The Death of a Cat

One of our cats died this week. She was old. I wish I felt sadder then I do because, well, I didn’t really like her that much. She wasn’t very friendly, spent most of her time hiding under our bed and when she did venture forth, it was to pee on the floor and not in the litter box.  Needless to say, I am enjoying not having to clean up after a cat that wasn’t much of a pet.

My son, however, is quite sad.  Sally, was a very beautiful cat. She looked like a Russian Blue/Dilute Torti mix. She was seriously a beautiful cat. Too bad she rarely let anyone pet her. That is, up until the end. As she neared the end of her life she started to come out more and she even allowed my son to pet her and give her love. He was thrilled!!!

And then she died. And he cried. Which brings me to today’s topic of grief. Grief follows very similar processes regardless of who died. It is the same for a cat or for a human. The only difference is intensity.

So, to help our son, we obviously did not tell him he is going to see Sally again. The urge to ease his pain is strong but we resisted as we felt that would do more harm then good. We also refused to replace her with another pet as that would be cheating. She can’t be replaced and the sooner he came to terms with the reality of her death, the sooner he would be forced to experience his grief and eventually come to terms with it.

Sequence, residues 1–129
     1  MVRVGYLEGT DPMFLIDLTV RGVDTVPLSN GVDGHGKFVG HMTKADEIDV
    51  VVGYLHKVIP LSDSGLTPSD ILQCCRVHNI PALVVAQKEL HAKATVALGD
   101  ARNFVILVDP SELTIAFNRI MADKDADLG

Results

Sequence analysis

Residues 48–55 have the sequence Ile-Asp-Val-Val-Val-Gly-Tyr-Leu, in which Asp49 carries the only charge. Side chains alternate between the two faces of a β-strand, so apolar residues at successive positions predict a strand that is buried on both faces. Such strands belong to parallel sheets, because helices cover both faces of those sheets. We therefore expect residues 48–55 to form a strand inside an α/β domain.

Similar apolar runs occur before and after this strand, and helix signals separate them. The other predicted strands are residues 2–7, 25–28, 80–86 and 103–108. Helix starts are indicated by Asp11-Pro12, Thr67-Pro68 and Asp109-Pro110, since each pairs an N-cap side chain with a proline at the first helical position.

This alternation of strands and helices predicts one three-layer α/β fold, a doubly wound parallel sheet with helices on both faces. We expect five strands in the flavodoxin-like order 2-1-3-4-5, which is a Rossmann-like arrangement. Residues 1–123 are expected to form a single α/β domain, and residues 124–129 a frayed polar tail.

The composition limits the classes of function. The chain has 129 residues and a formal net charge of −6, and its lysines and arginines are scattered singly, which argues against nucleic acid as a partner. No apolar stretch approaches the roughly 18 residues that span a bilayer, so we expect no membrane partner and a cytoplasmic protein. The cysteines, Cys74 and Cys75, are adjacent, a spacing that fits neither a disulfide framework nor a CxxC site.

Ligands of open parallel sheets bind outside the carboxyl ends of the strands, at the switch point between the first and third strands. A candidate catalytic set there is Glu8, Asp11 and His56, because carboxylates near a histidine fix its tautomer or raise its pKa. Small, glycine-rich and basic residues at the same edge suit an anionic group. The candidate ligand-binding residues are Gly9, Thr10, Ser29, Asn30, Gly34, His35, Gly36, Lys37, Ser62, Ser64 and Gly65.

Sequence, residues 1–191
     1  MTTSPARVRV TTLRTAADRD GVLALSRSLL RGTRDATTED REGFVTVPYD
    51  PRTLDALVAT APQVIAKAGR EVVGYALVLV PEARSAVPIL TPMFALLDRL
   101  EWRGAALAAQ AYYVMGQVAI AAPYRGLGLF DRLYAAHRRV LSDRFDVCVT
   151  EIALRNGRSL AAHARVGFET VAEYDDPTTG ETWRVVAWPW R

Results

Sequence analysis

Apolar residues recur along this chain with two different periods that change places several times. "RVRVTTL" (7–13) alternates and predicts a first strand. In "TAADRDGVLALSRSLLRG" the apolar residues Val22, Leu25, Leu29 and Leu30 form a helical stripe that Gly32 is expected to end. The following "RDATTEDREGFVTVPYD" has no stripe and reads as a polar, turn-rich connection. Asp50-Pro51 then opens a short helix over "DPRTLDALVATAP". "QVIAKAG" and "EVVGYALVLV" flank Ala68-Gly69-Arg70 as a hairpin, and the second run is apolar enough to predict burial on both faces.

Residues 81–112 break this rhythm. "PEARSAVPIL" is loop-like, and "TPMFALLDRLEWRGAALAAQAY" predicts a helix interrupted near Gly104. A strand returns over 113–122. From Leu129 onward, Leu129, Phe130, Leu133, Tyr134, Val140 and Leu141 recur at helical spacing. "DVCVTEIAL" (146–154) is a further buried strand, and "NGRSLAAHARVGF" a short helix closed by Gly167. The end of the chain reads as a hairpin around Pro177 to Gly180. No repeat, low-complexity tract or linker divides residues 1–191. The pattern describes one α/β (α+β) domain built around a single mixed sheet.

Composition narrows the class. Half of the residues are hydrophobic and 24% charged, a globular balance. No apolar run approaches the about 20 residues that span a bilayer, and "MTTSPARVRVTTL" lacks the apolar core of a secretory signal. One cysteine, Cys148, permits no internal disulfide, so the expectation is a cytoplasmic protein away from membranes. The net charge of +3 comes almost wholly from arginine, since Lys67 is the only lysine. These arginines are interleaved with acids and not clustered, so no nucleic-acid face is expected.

Like pretty much everyone who has lost a loved one, he at first tried to deny our cat’s death by hoping she would resurrect and then when that wasn’t an option, he hoped she could re-incarnate. He cried a lot and was sad.  We told him he would never forget her and that it was ok to be sad and to cry.  And now, three days later, he mentions that he misses her in passing but he has basically gotten on with the business of living his life.  He didn’t even cry himself to sleep tonight, as he preferred to discuss our plans for the weekend.

And that is grief in a nutshell.  Deny it, come to terms with it, feel bad about it and then get on with your life never forgetting the one you loved and lost.


  1. Aww.. that sucks.. I'd be devastated for a while if one of our cats died, especially mine since he's pretty much my best friend.

    But, that's what our animal companions are for. They're there to teach us that life isn't permanent. As much as we hate to see their passing, it's comforting to know that they existed, and they had a chance to brighten our lives and teach us something. No magic imaginable can ever take those facts away.

  2. That does suck. We lost both of our cats in the last 6 years and both times it was sad. Even though Winston was an overweight pain in the butt and Virginia was a long hair with bad hygiene, both times it was sad. OTOH, our house smells much better... ;)


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